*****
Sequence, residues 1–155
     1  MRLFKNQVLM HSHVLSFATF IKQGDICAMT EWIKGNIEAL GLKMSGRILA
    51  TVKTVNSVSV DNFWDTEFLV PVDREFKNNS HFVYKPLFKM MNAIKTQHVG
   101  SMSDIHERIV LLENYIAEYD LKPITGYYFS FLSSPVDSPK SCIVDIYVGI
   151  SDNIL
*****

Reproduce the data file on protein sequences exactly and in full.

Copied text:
Sequence, residues 1–155
     1  MRLFKNQVLM HSHVLSFATF IKQGDICAMT EWIKGNIEAL GLKMSGRILA
    51  TVKTVNSVSV DNFWDTEFLV PVDREFKNNS HFVYKPLFKM MNAIKTQHVG
   101  SMSDIHERIV LLENYIAEYD LKPITGYYFS FLSSPVDSPK SCIVDIYVGI
   151  SDNIL